[pmwiki-users] How can I redirect...

Joachim Durchholz jo at durchholz.org
Tue Nov 22 08:36:29 CST 2005

Robert Riebisch schrieb:
> from a, e.g., "http://www.bttr-software.de/fix8x14/" to
> "http://www.bttr-software.de/Products/FIX8X14/"? Problem is the lower
> case "fix8x14" which results in "HTTP 404 - File not found". :-(

Try making the filename lowercase :-)

In case that isn't possible, you'd need to redirect.

Here's something that I did, in an unrelated project:

In .htaccess, I made sure that every single URL was internally 
redirected to a local portal.php script, like this:

RewriteRule ^portal\.php$ - [L,PT]
RewriteRule ^(.*)$ portal.php?url=$1 [L,PT,QSA]

(The second rule is usually triggered first, the first rule is just 
there to break the infinite loop that the second rule alone would 
create. I'm pretty sure there are better ways to achieve this, but 
mod_rewrite and its interaction with Apache's internal processing aren't 
documented well enough to get something better to work without 
experimentation - I'll happily accept any improvements.)

Now portal.php inspects $_REQUEST ['url'] and Does the Right Thing (TM) 
for each URL. The general layout looks like this:

--- snip ---
# Determines results for each kind of URL.

error_reporting (E_ALL);

# Helper functions that tend to be useful.

function ok_file ($file, $mimetype) {
   # Delivers a file with a known MIME type.
   # Actually this function could determine the file type on
   # its own, by using `file --mime $file`.
   # Or it could use mime_content_type ($file).
   # However, this function is a bit more general since the
   # caller can force a given MIME type on the file contents,
   # e.g. you can say "application/octet-stream" to force
   # browsers into storing the file on disk instead of displaying
   # or executing it.
   header ('Content-type: ' . $mimetype);
   readfile ($file);

function not_found () {
   # That's our own error document handler.
   # Do anything more elaborate here if you wish :-)
   header ('Status: 404 Not Found');
   require ('error404.html');

function forbidden () {
   header ('Status: 403 Forbidden');
   require ('error403.html');

# Do the standard "no URL means index.*" convention here.
$url = $_REQUEST ['url'];
if ($url == '') $url = 'index';

# A sample URL parser.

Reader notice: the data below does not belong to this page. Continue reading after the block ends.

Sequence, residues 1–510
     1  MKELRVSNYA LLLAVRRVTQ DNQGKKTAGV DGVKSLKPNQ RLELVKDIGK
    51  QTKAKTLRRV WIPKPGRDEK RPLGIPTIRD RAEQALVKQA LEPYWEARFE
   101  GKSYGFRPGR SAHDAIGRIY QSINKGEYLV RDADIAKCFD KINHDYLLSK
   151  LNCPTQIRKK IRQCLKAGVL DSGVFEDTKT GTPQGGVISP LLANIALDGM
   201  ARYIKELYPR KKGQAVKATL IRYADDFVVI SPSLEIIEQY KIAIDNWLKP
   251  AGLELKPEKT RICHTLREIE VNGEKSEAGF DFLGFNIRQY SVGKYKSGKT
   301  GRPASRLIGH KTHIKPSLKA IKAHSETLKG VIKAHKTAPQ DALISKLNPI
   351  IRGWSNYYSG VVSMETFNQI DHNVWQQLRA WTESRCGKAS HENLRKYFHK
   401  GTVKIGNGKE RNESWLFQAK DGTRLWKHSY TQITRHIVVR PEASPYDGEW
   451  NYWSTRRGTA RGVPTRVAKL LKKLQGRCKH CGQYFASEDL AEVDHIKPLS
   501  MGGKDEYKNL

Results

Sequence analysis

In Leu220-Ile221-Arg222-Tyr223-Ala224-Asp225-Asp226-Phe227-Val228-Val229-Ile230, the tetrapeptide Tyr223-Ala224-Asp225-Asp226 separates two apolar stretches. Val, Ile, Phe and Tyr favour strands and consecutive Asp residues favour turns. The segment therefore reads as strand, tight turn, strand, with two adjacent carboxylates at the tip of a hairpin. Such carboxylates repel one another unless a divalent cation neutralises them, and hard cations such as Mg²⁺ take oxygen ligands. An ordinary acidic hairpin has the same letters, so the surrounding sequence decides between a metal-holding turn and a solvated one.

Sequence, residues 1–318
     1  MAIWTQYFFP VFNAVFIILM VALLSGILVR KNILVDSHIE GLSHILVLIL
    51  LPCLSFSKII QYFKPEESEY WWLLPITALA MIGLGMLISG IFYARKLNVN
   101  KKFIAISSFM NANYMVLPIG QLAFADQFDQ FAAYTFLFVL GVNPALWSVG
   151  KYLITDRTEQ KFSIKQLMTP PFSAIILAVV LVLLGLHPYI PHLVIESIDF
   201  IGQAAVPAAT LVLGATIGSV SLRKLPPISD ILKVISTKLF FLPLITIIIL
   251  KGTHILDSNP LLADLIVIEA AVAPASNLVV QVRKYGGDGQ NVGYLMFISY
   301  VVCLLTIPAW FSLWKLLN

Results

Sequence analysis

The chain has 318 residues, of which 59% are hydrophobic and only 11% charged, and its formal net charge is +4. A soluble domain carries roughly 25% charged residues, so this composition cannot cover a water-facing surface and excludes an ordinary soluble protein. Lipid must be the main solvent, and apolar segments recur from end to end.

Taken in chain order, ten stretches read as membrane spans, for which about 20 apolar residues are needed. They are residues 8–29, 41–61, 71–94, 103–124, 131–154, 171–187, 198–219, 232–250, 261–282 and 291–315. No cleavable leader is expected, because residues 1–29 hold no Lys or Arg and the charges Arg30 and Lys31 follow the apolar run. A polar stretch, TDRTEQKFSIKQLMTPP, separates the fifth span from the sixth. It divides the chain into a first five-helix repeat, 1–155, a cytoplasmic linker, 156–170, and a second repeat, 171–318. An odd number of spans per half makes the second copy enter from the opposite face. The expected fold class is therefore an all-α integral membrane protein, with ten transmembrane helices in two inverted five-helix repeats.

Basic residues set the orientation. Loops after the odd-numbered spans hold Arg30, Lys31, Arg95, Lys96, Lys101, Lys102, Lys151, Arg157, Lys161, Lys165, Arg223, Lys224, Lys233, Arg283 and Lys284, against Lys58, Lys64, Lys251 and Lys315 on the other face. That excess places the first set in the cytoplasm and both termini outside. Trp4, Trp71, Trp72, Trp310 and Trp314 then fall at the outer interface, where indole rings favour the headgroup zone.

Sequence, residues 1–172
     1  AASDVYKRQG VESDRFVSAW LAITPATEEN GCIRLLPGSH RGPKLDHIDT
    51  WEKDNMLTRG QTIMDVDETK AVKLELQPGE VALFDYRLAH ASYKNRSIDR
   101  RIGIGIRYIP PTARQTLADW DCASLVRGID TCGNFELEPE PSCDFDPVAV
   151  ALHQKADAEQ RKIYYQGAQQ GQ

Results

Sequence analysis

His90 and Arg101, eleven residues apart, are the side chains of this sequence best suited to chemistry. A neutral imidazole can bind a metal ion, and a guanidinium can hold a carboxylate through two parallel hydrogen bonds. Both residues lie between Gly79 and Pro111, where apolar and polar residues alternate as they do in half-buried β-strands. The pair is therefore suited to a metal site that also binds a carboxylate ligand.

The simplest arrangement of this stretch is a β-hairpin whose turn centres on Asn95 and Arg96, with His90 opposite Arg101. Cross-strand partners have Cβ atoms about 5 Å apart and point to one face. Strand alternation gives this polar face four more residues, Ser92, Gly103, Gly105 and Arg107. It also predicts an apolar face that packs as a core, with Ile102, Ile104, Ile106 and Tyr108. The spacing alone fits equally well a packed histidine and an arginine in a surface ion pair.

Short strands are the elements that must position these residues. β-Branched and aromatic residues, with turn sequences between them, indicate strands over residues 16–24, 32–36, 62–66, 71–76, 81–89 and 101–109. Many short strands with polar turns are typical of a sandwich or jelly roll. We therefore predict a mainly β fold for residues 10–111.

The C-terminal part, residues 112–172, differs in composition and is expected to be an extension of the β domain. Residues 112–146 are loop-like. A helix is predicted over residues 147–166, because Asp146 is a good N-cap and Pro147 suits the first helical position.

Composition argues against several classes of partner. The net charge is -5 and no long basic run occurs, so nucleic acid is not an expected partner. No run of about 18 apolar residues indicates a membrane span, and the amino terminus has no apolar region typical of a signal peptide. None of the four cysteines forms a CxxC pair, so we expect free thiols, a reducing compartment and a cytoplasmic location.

# In this case, only letters, digits, and minus signs are allowed,
# with an optional pdf/png/gif extension.
# Files with other special characters in them will not be served,
# i.e. they are hidden from browsers' views. That's great for storing
# work files in the document tree.
if (! preg_match ('/^[a-zA-Z0-9-]+(\\.pdf|\\.png|\\.gif)?$/', $url)) {
   not_found ();

# You could do all things of processing here.
# E.g. search multiple directories for a given file; this decouples
# the URL structure from the access privilege structure. You can also
# fake a subdirectory structure (that may be useful for scripts
# running under Safe Mode).
# You could canonise URLs, by returning a Redirected Permanently
# header.
# In other words, you can do everything that mod_rewrite does,
# but in code that *you* can inspect and modify :-)

# The code here could do several things:
# Find a file to serve, and say
   if (file_exists ($file)) {
     if (is_readable ($file)) {
       ok ($datei, mime_content_type ($file));
     } else {
       forbidden ();

# Try various filename extensions.
# You can do your own form of content negotiation that way;
# e.g. if you know there was no extension in the URL,
# do something like this:
   $file = $prefix . '.html';
   if (file_exists ($file)) {
     if (is_readable ($file)) {
       ok ($datei, 'text/html');
     } else {
       forbidden ();
   # .html didn't work, try .php
   $file = $prefix . '.php';
   if (file_exists ($file)) {
     if (is_readable ($file)) {
       # A warning: any globals that were defined within
       # portal.php will remain active in the PHP file.
       # unset() them if you don't want this.
       # (I was once stumped when I found a global $url
       # variable in all of my scripts, as couldn't remember
       # that documented as PHP behavior. Turned out it was
       # my own portal script...)
       require ($file);
       die; # 'die' might not be the Right Thing here.
     } else {
       forbidden ();

# Finally, if none of the above worked:

not_found ();
--- snip ---

This framework has served me well for one project. It's just a hack, of 
course, and explicitly coded everywhere instead of picking its choices 
off tables or configuration files - but it can do more than mod_rewrite. 
E.g. Robert could uppercase the URL and try to find the file with that name.
Note that there are also subtleties with serving URLs that refer to a 
subdirectory. I haven't tested that case extensively (it's not an issue 
on my site), so there might be surprises waiting here.


More information about the pmwiki-users mailing list